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Old 05-10-19, 11:13 PM
  #67  
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GP4000S II on wide HED Ardennes+ rims:

The first 15000 miles on these wheels: Just a few punctures -- a piece of glass, a sharp metal bit and a fine wire from a car/truck tire.
I'm seeing way fewer tread cuts than 10 years ago. Perhaps there's less glass on the road, with more plastic bottles.

The next 5000 miles: I got two pinch flats in one year, both from a large, sharp gravel chunk sitting on an otherwise clean road. Both on somewhat fast downhills.

So, it's random bad luck on flats. The OP might not get another one for years.

Mileage
Probably 3500-4000 miles on the rear tire, then a bit less mileage when I move the old front tire to the back and put a new one on the front. The tire that was moved to the back often still has the mold line down the center of the tread, essentially no tread wear from being on the front wheel.

Last edited by rm -rf; 05-10-19 at 11:22 PM.
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Old 05-10-19, 11:17 PM
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GP5000 vs GP4000S II:

I've only had these 5000s for a few weeks. First impressions are that they seem a little more precise on fast turns. It seems to be a bit harder to hold my line when riding very slow on steep hills -- down near 3 mph. I might be imagining the difference, though.


They are a bit narrower than the GP4000S II.
25mm GP4000 on 20.5 ID rims: measured 29mm
25mm GP5000 on 20.5 ID rims: measured 28mm
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Old 05-11-19, 07:21 PM
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Yes...

Originally Posted by MinnMan View Post
Yup, exactly. For example, the photo I posted higher up in this thread. Paper-thin is not much of an exaggeration.
No kidding. And the 5000s are even thinner. While mine punctured in the tread, it's obvious the tire is not built for endurance.

Anyway, I took my first ride with the Michelin Power Endurance today. No, they don't ride as nice as the GP 5000 does, but, well, I rode through some crap. No flats, no cuts. At this point I'll give up a little speed for no flats.
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Old 05-11-19, 07:23 PM
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Hope you're right

Originally Posted by rm -rf View Post
GP4000S II on wide HED Ardennes+ rims:

The first 15000 miles on these wheels: Just a few punctures -- a piece of glass, a sharp metal bit and a fine wire from a car/truck tire.
I'm seeing way fewer tread cuts than 10 years ago. Perhaps there's less glass on the road, with more plastic bottles.

The next 5000 miles: I got two pinch flats in one year, both from a large, sharp gravel chunk sitting on an otherwise clean road. Both on somewhat fast downhills.

So, it's random bad luck on flats. The OP might not get another one for years.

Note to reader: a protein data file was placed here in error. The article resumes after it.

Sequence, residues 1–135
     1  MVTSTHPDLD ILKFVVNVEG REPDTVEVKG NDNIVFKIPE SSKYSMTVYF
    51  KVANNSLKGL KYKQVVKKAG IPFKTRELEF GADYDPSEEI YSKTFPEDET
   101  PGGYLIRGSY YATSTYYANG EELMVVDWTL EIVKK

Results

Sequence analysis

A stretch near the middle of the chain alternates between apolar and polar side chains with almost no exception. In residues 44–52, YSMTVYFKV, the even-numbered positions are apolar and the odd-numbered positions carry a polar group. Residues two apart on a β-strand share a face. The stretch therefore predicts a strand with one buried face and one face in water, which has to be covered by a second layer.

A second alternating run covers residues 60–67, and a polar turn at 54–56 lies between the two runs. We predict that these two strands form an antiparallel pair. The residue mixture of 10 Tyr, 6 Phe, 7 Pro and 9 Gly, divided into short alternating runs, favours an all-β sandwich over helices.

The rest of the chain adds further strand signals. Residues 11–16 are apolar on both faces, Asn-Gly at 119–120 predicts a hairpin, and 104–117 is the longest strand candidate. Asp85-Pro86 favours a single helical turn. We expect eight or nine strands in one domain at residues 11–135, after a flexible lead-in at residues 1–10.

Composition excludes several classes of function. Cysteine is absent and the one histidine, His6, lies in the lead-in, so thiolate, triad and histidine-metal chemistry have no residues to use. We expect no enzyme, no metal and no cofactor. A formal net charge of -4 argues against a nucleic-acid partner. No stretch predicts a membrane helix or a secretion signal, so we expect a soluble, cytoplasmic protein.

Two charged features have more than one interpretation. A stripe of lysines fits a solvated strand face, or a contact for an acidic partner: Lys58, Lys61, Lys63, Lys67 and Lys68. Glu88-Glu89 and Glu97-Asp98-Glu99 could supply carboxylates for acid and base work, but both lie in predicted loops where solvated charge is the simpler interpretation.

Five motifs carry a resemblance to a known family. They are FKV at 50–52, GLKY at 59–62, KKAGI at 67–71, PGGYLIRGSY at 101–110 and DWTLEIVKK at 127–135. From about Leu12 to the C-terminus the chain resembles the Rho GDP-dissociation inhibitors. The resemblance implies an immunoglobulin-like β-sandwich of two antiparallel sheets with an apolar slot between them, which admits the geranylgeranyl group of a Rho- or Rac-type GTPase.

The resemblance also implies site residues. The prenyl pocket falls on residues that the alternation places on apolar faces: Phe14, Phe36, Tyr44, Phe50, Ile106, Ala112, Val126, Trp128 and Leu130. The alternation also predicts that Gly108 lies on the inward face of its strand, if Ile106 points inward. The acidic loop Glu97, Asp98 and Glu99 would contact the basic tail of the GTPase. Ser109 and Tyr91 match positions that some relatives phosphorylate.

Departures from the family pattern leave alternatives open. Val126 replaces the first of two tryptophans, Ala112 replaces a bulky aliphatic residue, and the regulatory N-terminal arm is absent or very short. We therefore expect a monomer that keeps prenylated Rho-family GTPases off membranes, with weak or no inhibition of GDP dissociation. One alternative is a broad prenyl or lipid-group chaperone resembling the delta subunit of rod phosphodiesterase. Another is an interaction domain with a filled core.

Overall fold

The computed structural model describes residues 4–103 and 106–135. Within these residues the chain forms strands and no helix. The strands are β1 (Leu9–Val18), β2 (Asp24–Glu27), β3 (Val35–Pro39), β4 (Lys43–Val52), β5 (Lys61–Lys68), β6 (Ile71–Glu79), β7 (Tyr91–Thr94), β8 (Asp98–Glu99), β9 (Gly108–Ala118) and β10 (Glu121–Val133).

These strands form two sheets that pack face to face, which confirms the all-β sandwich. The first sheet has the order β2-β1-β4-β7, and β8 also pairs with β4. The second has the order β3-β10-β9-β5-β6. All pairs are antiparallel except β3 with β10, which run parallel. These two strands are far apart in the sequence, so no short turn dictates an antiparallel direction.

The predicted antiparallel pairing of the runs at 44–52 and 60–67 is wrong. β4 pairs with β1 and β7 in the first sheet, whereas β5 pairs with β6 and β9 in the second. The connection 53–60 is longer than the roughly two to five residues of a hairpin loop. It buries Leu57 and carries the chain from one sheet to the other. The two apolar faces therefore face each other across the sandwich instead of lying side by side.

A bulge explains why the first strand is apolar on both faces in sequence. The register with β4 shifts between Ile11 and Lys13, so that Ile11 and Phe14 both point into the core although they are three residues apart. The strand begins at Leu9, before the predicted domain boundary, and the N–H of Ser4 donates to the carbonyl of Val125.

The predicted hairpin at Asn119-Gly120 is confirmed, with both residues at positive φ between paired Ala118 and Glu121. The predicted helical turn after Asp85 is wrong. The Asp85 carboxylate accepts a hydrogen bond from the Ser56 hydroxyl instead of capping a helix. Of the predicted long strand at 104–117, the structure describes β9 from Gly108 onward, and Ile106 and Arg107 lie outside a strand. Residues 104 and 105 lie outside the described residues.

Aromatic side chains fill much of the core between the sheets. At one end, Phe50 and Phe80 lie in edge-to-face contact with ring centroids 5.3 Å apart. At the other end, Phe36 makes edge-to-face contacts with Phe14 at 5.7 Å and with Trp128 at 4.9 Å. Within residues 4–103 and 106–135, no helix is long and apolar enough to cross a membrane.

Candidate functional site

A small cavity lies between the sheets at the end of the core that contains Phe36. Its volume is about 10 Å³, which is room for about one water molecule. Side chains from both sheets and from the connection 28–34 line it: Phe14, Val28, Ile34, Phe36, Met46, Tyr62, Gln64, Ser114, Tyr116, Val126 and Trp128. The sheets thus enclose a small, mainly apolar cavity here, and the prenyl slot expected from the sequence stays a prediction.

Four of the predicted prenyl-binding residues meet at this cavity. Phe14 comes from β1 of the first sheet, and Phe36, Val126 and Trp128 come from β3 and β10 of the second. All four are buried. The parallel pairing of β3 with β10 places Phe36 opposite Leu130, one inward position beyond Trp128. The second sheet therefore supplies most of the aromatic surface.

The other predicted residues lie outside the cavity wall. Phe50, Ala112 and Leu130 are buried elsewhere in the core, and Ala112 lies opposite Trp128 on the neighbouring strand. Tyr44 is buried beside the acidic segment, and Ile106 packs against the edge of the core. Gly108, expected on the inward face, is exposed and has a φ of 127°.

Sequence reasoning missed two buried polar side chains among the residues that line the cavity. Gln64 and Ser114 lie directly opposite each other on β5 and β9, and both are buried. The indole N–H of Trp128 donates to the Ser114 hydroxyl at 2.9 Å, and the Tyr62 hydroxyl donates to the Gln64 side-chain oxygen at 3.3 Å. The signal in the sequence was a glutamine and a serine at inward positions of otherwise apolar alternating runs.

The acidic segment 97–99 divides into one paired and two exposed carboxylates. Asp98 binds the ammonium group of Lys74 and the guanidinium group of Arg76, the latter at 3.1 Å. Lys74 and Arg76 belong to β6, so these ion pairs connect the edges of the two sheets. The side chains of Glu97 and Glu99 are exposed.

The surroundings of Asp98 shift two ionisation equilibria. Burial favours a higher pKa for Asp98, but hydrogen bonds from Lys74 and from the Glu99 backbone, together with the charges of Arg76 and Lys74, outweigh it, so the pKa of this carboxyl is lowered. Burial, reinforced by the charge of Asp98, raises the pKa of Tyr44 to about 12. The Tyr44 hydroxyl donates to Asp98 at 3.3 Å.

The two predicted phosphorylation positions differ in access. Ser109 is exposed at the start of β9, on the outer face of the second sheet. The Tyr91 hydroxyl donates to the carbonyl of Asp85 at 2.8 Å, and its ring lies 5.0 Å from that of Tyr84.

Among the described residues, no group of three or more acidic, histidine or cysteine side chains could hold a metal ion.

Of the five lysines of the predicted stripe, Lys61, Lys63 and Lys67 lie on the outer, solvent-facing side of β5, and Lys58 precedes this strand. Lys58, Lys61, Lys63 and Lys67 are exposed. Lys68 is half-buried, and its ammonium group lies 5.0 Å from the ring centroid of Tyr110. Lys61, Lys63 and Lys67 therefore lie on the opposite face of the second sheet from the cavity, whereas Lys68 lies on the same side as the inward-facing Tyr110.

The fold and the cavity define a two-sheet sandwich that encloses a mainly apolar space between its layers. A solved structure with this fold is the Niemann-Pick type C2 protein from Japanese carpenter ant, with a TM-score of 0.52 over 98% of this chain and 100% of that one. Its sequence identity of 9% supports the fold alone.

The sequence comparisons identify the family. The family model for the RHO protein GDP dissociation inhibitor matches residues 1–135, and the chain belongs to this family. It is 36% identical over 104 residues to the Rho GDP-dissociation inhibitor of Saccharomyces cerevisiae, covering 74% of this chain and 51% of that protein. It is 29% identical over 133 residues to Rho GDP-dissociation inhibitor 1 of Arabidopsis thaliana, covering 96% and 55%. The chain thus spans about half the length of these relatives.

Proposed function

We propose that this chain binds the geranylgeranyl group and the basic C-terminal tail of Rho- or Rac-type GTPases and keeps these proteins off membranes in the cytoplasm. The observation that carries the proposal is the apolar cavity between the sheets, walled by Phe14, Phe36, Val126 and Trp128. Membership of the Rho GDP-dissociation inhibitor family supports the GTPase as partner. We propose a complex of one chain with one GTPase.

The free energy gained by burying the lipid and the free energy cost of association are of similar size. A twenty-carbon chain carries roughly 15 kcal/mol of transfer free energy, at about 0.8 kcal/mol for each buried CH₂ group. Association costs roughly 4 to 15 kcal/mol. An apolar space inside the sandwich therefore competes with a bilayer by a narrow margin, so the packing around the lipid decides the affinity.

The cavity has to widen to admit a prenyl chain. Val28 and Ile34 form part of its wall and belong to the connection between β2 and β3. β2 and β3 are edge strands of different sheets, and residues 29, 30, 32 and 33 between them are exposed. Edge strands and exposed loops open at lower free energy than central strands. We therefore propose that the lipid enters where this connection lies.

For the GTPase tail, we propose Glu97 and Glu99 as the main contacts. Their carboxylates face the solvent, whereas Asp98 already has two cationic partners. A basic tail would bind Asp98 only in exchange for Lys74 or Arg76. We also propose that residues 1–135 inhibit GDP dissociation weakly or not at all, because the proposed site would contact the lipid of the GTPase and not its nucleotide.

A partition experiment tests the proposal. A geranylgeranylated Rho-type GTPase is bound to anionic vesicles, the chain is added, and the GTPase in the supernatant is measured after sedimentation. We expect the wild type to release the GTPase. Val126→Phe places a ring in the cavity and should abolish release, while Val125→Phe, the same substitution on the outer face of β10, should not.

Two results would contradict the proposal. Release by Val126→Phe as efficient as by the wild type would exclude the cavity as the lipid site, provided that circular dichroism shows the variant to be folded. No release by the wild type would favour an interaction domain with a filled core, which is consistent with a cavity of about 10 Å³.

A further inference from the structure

Mileage
Probably 3500-4000 miles on the rear tire, then a bit less mileage when I move the old front tire to the back and put a new one on the front. The tire that was moved to the back often still has the mold line down the center of the tread, essentially no tread wear from being on the front wheel.
I don't usually flat a lot; two last year over 4K miles. So when I had two punctures in the first 400 miles with the new tires, well, it got my attention. I guess I'll see how the Power Endurance tires hold up. I hope you're right about not getting flat for years!
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Old 05-12-19, 08:19 AM
  #71  
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I feel its time to have a bit of a poll here.

How long does it take you to change a flat tube??
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Old 05-12-19, 08:29 AM
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Originally Posted by Abe_Froman View Post
I feel its time to have a bit of a poll here.

How long does it take you to change a flat tube??
about an average of 1mph over typical ride distance
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Old 05-12-19, 08:46 AM
  #73  
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Originally Posted by Abe_Froman View Post
I feel its time to have a bit of a poll here.

How long does it take you to change a flat tube??
You could start an epic thread with that one.
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Old 05-12-19, 08:51 AM
  #74  
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At home, 5 minutes. By the side of a busy road, about half a day usually.
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Old 05-12-19, 05:57 PM
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How long does it take me to change a flat. 8 minutes at home with carbon wheels. When I have 20 riders watching me on a group ride...it takes me FOREEEEVVVVVEEEER